New research shows Australians want more efficient housing
A majority of Australians say the homes they live in are not performing well when it comes to energy efficiency, with most households favouring significant improvements to the nation’s housing stock as energy prices continue to rise.
A new report commissioned by Energy Consumers Australia and Renew finds strong support for a major boost to the quality and energy efficiency of Australian houses and apartments. The research also makes clear that Australians are looking for help to understand what actions they can take to make their homes more comfortable and lower their energy bills.
“Homes that are closer to the energy efficiency of tents than more recent standards are less healthy to live in and much more expensive to heat and cool” Energy Consumers Australia CEO Lynne Gallagher said.
“We need to help people identify what low-cost improvements they can make in the short-term, but also to overcome the barriers to future proofing their homes to adapt to a changing climate, where extreme heat and weather events will be more common”.
According to the report, which captures the views of homeowners, renters, landlords and builders, only 48% of respondents described the condition of their home as ‘good’. These results were even worse among renters (35%) and those experiencing financial vulnerability (33%).
Renew CEO Fiona Gray said the research showed strong support for reforms to improve the comfort and liveability of Australian homes.
“The idea that Australians don’t value or care about improving the energy efficiency of their housing needs to be put in the bin and wheeled out to the kerb,” she said. “At a time when hip-pocket concerns are skyrocketing, we can see people making the clear connection to the quality of their home and the cost of living in it.”
The report finds:
- Most Australians support incentives for homeowners and landlords to make improvements to their properties that improve energy efficiency (75%) and increasing minimum efficiency standards for home renovations (70%).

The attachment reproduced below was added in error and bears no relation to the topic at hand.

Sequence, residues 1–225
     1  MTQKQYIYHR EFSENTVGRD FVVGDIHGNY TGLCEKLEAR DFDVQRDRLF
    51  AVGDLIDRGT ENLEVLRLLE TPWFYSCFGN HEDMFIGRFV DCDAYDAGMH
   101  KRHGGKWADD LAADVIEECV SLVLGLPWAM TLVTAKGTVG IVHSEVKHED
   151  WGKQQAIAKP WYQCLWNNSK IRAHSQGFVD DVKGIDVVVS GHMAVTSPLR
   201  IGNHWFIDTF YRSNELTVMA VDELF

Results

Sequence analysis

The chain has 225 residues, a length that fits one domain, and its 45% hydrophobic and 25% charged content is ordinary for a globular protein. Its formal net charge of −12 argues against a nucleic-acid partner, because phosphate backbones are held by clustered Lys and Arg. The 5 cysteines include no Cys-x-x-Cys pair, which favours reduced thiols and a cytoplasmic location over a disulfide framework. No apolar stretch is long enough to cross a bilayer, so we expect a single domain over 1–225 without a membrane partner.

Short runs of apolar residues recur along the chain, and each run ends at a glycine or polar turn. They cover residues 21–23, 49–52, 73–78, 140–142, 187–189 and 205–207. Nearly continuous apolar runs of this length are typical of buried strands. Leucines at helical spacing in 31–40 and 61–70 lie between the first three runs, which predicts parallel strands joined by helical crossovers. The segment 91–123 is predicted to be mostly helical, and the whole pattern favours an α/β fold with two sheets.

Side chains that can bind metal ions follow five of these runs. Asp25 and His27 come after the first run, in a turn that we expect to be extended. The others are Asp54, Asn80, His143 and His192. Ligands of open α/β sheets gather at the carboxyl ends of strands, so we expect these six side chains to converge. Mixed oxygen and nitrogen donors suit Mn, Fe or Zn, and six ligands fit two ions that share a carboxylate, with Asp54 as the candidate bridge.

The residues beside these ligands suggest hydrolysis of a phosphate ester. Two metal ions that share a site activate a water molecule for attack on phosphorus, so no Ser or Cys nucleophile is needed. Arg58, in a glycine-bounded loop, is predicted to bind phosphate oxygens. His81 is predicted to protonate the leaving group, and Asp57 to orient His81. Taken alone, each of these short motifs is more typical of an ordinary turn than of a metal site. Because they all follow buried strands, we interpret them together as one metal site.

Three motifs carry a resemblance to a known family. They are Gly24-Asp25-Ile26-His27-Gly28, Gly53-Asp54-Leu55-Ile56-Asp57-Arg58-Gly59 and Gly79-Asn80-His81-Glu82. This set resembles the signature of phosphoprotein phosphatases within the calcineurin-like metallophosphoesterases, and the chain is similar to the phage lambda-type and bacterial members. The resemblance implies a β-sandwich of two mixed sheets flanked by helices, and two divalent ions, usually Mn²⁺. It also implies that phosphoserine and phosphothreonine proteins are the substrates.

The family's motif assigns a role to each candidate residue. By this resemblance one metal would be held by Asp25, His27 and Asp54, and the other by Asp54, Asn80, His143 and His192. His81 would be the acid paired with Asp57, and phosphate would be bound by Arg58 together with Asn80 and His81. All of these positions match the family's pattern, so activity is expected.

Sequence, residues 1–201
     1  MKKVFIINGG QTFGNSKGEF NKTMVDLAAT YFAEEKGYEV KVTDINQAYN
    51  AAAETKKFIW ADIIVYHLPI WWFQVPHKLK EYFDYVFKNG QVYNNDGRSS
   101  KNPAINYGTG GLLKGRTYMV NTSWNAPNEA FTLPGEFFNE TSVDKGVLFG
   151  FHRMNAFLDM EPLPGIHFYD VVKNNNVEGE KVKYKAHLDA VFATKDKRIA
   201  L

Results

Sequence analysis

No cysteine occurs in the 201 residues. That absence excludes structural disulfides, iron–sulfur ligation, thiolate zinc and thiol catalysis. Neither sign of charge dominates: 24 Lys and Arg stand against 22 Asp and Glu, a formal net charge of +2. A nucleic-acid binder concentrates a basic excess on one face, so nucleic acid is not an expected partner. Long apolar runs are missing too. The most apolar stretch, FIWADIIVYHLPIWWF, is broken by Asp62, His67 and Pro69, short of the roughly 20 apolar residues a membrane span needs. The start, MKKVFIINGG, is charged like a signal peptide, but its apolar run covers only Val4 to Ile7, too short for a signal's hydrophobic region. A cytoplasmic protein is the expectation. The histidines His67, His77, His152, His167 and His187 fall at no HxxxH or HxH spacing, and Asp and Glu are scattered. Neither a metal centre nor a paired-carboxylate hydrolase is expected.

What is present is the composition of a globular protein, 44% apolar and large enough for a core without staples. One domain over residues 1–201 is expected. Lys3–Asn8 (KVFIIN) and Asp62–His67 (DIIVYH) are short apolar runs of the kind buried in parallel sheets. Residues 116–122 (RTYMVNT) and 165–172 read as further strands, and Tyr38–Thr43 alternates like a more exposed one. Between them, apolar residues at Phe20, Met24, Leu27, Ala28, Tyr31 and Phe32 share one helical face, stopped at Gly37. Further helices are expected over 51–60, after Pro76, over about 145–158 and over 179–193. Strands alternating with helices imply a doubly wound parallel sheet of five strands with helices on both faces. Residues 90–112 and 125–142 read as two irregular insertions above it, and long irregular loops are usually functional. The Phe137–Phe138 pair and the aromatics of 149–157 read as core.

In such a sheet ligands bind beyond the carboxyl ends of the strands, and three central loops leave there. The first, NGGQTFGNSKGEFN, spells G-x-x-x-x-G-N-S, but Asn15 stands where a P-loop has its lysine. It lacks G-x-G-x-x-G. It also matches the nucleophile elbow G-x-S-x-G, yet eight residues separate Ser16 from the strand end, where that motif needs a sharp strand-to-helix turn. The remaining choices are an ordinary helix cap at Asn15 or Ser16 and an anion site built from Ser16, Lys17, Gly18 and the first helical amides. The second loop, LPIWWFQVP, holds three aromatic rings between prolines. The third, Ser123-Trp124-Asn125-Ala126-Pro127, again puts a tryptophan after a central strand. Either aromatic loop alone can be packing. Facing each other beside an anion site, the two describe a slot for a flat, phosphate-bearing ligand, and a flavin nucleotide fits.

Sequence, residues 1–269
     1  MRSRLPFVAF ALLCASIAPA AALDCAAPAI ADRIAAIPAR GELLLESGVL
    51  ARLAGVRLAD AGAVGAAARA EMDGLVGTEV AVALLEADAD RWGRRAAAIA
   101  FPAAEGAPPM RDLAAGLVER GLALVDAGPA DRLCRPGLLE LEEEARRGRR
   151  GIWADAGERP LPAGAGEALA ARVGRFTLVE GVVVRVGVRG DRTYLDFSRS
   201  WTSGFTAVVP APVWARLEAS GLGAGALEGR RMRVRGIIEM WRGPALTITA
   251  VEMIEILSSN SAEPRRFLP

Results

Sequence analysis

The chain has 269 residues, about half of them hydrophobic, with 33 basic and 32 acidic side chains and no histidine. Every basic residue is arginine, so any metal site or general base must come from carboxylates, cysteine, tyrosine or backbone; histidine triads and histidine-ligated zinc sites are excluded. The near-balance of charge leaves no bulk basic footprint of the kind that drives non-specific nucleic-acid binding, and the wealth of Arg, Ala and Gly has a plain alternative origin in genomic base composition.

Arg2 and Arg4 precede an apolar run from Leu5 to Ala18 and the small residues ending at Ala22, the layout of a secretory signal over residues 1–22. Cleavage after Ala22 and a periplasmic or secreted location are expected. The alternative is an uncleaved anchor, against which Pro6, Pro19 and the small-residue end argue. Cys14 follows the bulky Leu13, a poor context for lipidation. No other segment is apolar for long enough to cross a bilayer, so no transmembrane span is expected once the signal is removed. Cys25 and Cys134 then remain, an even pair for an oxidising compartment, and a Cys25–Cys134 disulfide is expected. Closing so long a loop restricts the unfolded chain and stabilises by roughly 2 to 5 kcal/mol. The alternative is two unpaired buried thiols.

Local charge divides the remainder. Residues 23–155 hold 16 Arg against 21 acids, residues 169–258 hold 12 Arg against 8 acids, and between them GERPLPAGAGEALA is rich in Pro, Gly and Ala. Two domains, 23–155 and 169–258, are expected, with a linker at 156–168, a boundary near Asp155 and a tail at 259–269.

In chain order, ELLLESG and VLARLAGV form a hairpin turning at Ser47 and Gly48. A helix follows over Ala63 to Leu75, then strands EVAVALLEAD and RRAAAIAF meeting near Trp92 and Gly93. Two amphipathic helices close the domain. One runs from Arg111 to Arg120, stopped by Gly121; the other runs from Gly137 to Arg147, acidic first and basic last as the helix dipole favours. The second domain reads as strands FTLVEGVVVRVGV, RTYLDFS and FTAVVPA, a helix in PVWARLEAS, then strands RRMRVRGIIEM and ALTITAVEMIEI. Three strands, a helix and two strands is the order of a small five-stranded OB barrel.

- 70% support the introduction of minimum energy efficiency standards for rental properties.
- 66% support making it compulsory to disclose the energy efficiency of a home when a home is sold or leased, to ensure that the people planning to live in it understand the likely running costs.
“These numbers show that Australians want action in these areas and see the value of targeted programs to increase the quality of our homes,” Ms Gallagher said.
Energy Consumers Australia and Renew said the Government’s National Energy Performance Strategy provides an opportunity to break down the barriers Australians are facing.
Those included real concern about the effect of rising power bills and other cost of living increases, with some seeing energy efficiency as a luxury, rather than a way to manage those costs.
Climate change was cited as a major reason to support reforms, with people wanting to live sustainably – to do their bit – but weren’t confident they know much about energy efficiency, and only a small percentage of respondents were actively planning action.
People also expressed concern about housing affordability generally, and shortage of building supplies and skilled tradesman. They wanted reforms that didn’t add more red tape to new builds or major renovations.
The research also points to the need for targeted policies for private rental homes – tenants were more likely to live in poor quality properties but are concerned about actions that drive up rents further. Landlords didn’t want more regulatory complexity and were also worried about how they could afford improvements.
“These are legitimate concerns and they will need to be addressed by governments in the coming period,” Ms Gallagher said.
“We know that Australians want this. We know it offers huge benefits for their health and their bank accounts at a time when energy prices are their number one concern. And we know that they see it as the responsibility of governments to help them make the necessary changes.”
“It’s time for energy efficient housing and living to be a major topic of conversation around the kitchen table and the Cabinet table. To get to a clean energy future that is affordable for all Australians we are going to have to make big changes in this area. We need to start now.”